Grants to State and Local Governments:

An Overview of Federal Funding Levels and Selected Challenges

GAO-12-1016: Published: Sep 25, 2012. Publicly Released: Sep 25, 2012.

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Stanley J. Czerwinski
(202) 512-6520
czerwinskis@gao.gov

 

Beryl H. Davis
(202) 512-2623
davisbh@gao.gov

 

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What GAO Found

Federal outlays for grants to state and local governments totaled more than $606 billion in fiscal year 2011. Over the last three decades, these grants have consistently been a significant component of federal spending, but the focus of this spending has changed over time. For example, during this period the proportion of federal outlays to state and local governments dedicated to Medicaid grants more than tripled, rising from 2.4 percent of total federal government outlays in 1980 to 7.6 percent in 2011. The increase in federal outlays for Medicaid and other health-related grant programs was offset by an approximately equivalent decrease in grants to state and local governments targeted for other areas such as transportation, education, and regional development.

GAO’s prior work and the work of others have also shown that the number of federal grant programs directed to state and local governments has generally increased over the last three decades. However, definitively determining the number of such grant programs presents difficulties. The lack of consensus on a methodology for how to define and count grant programs and data limitations in the Catalog of Federal Domestic Assistance further complicates this effort.

GAO and federal inspectors general (IG) have previously reported on a variety of management challenges involving federal grants to state and local governments, many of which can be grouped into the following five topic areas:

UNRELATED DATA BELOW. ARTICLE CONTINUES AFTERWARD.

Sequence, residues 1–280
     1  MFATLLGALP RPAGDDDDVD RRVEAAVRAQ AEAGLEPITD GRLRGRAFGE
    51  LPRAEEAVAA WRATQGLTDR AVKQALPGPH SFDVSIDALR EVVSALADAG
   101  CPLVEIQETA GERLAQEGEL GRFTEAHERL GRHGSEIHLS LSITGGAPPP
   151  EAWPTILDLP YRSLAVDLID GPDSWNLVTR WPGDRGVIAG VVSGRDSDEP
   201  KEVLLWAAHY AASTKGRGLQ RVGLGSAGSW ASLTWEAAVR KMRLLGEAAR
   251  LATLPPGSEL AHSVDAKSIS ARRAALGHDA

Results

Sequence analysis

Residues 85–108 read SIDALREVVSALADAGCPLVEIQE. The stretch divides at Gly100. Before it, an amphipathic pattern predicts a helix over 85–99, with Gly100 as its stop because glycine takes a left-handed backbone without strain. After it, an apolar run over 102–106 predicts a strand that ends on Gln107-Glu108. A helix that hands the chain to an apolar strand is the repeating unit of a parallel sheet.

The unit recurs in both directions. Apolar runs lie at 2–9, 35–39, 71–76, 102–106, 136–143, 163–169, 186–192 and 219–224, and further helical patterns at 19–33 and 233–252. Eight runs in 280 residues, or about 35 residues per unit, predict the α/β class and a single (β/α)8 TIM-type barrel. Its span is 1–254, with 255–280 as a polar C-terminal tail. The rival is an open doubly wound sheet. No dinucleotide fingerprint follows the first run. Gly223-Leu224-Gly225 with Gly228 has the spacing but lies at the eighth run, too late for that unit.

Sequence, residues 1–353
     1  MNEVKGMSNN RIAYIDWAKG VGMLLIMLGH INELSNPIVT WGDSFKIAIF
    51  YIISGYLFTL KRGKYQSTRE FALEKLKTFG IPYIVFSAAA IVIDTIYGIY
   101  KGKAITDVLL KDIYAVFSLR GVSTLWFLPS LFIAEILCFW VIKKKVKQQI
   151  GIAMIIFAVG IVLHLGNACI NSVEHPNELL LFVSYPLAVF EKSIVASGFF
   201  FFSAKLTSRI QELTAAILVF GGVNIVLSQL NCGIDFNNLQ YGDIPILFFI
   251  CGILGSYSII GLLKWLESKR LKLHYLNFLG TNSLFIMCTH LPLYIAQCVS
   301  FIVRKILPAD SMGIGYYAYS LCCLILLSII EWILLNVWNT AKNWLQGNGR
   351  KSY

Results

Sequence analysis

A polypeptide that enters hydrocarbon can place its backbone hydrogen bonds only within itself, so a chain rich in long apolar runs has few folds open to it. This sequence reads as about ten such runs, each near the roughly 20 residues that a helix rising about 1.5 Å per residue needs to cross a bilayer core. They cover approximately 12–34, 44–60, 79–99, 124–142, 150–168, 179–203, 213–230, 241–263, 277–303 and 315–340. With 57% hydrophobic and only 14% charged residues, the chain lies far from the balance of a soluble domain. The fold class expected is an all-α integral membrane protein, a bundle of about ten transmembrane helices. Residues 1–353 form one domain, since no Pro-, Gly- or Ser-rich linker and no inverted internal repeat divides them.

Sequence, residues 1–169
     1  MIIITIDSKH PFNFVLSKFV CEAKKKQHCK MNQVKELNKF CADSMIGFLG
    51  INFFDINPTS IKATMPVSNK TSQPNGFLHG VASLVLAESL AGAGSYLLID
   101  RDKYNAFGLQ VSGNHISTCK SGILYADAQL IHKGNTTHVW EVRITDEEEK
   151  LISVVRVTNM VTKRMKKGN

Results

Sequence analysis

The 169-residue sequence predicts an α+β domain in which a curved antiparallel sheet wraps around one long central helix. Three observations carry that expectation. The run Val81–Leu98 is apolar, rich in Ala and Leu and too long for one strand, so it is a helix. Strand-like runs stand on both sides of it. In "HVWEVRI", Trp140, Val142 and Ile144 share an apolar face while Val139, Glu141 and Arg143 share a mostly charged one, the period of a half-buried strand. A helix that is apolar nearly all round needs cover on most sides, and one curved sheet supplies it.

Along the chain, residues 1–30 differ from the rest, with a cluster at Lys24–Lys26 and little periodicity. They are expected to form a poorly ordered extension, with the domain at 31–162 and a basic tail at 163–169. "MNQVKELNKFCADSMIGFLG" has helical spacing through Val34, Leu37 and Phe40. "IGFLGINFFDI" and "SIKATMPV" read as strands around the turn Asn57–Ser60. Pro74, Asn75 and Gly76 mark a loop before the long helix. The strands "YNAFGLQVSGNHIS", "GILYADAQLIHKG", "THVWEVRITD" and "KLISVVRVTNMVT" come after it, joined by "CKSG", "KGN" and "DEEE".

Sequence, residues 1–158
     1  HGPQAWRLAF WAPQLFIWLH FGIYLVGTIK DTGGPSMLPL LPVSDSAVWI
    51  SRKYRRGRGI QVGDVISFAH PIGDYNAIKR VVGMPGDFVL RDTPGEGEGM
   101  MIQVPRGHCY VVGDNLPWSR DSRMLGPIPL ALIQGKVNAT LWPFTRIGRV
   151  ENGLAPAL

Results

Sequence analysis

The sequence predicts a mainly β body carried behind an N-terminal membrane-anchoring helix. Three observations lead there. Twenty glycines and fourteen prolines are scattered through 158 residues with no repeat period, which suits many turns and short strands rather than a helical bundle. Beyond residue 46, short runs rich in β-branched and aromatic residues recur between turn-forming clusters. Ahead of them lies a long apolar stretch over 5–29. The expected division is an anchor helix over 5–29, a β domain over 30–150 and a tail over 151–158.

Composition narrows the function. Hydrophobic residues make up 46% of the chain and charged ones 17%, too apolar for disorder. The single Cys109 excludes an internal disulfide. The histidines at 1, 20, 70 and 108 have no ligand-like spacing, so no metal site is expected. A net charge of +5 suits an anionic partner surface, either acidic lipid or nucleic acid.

• Challenges related to effectively measuring grant performance: A lack of appropriate performance measures and accurate data can limit agencies’ ability to effectively measure grant program performance. This can affect the ability of federal agencies to ensure that grant funds are effectively spent.
  • Uncoordinated grant program creation: Numerous federal grant programs have been created over time without coordinated purposes or scope. This can result in grants management challenges such as unnecessary duplication across grant programs and unnecessary overlap in funding.
  • Need for better collaboration: A lack of collaboration among grant program participants can impede effective grant implementation in areas such as knowledge sharing and defining clear leadership roles.
  • Internal control weaknesses: When internal controls in grants management and oversight are weak, federal grant-making agencies face challenges in achieving program goals and assuring the proper and effective use of federal funds. Effective controls can help to avoid improper grant payments.
  • Lack of agency or recipient capacity: Capacity reflects the organizational, financial, and human capital resources available for the implementation of grant programs. A lack of capacity can adversely impact an agency’s or recipient’s ability to manage and implement grant programs.

Why GAO Did This Study

Grants are a form of federal assistance consisting of payments in cash or in kind for a specified purpose and they represent an important tool for achieving national objectives. They vary greatly, including in the types of programs they fund, the methods they use to allocate funds to recipients, and the amount of discretion they give to the grant recipient on how the funds are spent. The Office of Management and Budget (OMB) has previously estimated that grants to state and local governments represent roughly 80 percent of all federal grant funding, with the balance going to recipients such as nonprofit organizations, research institutions, or individuals. In a time of fiscal constraint, continuing to support the current scope and breadth of federal grants to state and local governments will be a challenge.

In response to a request, this report (1) provides information regarding the amount of grant funding to state and local governments for fiscal year 2011, how such funding has changed over the last three decades, and difficulties related to identifying the exact number of such grant programs; and (2) identifies selected grants management challenges that have been identified in previous work by GAO and federal IGs over the last several years. Towards this end, GAO analyzed data from OMB and the Catalog of Federal Domestic Assistance and conducted a review of previous reports from GAO and federal IGs.

What GAO Recommends

GAO is not making any recommendations in this report.

For more information, contact Stanley J. Czerwinski at (202) 512-6806 or czerwinskis@gao.gov or Beryl H. Davis at (202) 512-2623 or davisbh@gao.gov.

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